He's the Commissioner. That's how it works.

Doesn't work for me...

Without Carl Nix it feels like our running game just took a death blow to the face!


ryan24

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« #114 : June 23, 2009, 09:34:13 PM »

I guess my whole problem is that after the guy has gone through the legal process and isadjudicated, why does the commish get to slap more on him than the courts did. Forget the outcome or the ruling or the money he paid or his status as a player for a minute. It just seems unfair to me that this guy gets to impose anything he wants right, wrong, or indifferent, regardless of what happens in the legal system...

...because playing in the league is not a right. It is an option extended to you by the league as long as you abide by its rules. Stallworth didn't and so his company can impose any punishment they want on him and since the NFL makes its money off being popular and having a player who killed a man while driving drunk will not help their popularity and public image.

If you see the league as one entity with 32 subsidiaries I'd agree.  Even then I still think the commisioner has no checks and balances and there is no consistency to the punnishments.  It's all at his whims, his belief system, his words and thoughts.  I just think it should be a standardized process not however he feels or is possibly pressured into doing from outside sources...

I'm with Chev on this one. In this particular case...the commish's punishment comes across as "makeup" for a perceived injustice in sentencing....at least to me.

Happy and Peppy and Bursting with love.

Biggs3535

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« #115 : June 23, 2009, 09:37:48 PM »

I'm with Chev on this one. In this particular case...the commish's punishment comes across as "makeup" for a perceived injustice in sentencing....at least to me.

Do we even know what the suspension is yet?


ryan24

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« #116 : June 23, 2009, 09:40:08 PM »

I'm with Chev on this one. In this particular case...the commish's punishment comes across as "makeup" for a perceived injustice in sentencing....at least to me.

Do we even know what the suspension is yet?

Currently it is indefinitely and, from what I've read, it looks like it will be a year.

Happy and Peppy and Bursting with love.

cheveliar

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« #117 : June 24, 2009, 01:15:15 AM »

I guess my whole problem is that after the guy has gone through the legal process and isadjudicated, why does the commish get to slap more on him than the courts did. Forget the outcome or the ruling or the money he paid or his status as a player for a minute. It just seems unfair to me that this guy gets to impose anything he wants right, wrong, or indifferent, regardless of what happens in the legal system...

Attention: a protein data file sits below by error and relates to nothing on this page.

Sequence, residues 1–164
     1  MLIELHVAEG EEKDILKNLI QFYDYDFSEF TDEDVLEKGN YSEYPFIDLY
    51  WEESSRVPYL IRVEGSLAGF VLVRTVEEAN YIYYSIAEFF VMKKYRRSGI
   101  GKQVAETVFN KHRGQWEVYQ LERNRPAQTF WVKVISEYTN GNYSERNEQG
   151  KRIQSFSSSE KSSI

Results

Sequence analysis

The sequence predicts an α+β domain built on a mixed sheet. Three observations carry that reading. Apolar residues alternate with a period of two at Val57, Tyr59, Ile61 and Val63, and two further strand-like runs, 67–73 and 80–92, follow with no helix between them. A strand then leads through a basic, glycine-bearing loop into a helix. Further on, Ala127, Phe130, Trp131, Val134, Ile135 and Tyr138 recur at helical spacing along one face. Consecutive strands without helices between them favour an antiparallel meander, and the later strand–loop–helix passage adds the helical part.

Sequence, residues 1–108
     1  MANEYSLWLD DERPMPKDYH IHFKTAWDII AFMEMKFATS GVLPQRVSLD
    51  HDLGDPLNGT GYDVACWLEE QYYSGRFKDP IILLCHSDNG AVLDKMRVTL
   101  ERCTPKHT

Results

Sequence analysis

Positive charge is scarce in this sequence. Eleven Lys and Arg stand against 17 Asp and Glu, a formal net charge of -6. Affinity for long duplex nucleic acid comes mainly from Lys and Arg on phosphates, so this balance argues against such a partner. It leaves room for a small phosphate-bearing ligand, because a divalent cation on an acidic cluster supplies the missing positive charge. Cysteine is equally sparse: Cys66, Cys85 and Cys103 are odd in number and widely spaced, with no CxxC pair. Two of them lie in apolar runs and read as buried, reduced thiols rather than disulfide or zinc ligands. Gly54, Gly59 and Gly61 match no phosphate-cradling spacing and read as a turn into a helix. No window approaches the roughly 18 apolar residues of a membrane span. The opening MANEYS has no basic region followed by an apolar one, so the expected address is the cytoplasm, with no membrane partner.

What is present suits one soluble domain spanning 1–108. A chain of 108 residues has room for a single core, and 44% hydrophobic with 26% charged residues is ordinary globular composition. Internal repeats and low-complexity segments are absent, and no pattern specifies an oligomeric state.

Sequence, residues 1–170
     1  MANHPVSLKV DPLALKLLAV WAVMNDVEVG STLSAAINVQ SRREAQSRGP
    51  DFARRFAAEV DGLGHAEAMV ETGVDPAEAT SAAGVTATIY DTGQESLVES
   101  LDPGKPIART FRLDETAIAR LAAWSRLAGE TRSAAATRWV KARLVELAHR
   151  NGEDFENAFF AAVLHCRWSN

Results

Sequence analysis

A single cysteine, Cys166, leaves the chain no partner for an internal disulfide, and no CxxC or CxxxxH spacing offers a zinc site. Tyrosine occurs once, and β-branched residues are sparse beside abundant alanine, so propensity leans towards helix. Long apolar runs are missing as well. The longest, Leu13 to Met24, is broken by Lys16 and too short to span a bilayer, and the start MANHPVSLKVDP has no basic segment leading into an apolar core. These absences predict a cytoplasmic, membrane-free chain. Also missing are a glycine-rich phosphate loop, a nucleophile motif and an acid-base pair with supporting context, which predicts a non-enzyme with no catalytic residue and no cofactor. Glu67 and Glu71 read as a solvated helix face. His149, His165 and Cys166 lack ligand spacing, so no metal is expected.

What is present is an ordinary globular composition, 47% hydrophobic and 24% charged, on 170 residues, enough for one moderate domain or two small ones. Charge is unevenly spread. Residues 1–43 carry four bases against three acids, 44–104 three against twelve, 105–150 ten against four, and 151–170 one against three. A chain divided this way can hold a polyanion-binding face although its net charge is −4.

...because playing in the league is not a right. It is an option extended to you by the league as long as you abide by its rules. Stallworth didn't and so his company can impose any punishment they want on him and since the NFL makes its money off being popular and having a player who killed a man while driving drunk will not help their popularity and public image.

If you see the league as one entity with 32 subsidiaries I'd agree. Even then I still think the commisioner has no checks and balances and there is no consistency to the punnishments. It's all at his whims, his belief system, his words and thoughts. I just think it should be a standardized process not however he feels or is possibly pressured into doing from outside sources...

I'm with Chev on this one. In this particular case...the commish's punishment comes across as "makeup" for a perceived injustice in sentencing....at least to me.

That's my whole point, it feels like to me that he has taken up the cause and is punishing the guy to a further extent when he has already been through the legal process...

Without Carl Nix it feels like our running game just took a death blow to the face!


olafberserker

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« #118 : June 24, 2009, 01:35:25 AM »

http://www.profootballtalk.com/2009/06/22/video-exists-of-stallworth-accident/
Video Exists Of Stallworth Accident
Posted by Mike Florio on June 22, 2009, 1:34 p.m. EDT

A source with knowledge of the March 14 collision between Brown receiver Donte’ Stallworth’s vehicle and 59-year-old Mario Reyes tells us that a video of the accident exists.

Per the source, the footage was shot by a nearby surveillance camera that monitors the gates to Reyes’ workplace.

We’re told that the video shows Reyes walking into the highway in an area that does not contain a crosswalk, and ultimately walking directly into the path of Stallworth’s Bentley.

Stallworth’s lawyer, David Cornwell, declined to confirm the existence of the video.

The contents of the video apparently had a significant impact on the ultimate plea deal. Though the 30-day prison term and two years of house arrest light have triggered significant criticism, the ultimate question for a jury would have been whether the evidence proves beyond a reasonable doubt that Stallworth caused or contributed to the death of Mario Reyes. At a minimum, the contents of the tape, as they have been described to us, indicate that a reasonable jury could have found reasonable doubt.

Whether the video results in a reduced suspension from the NFL remains to be seen.

Exactly, nothing "bulletproof" about this case.   There was a real possibility that Stallworth could have walked on the DUI manslaughter charge.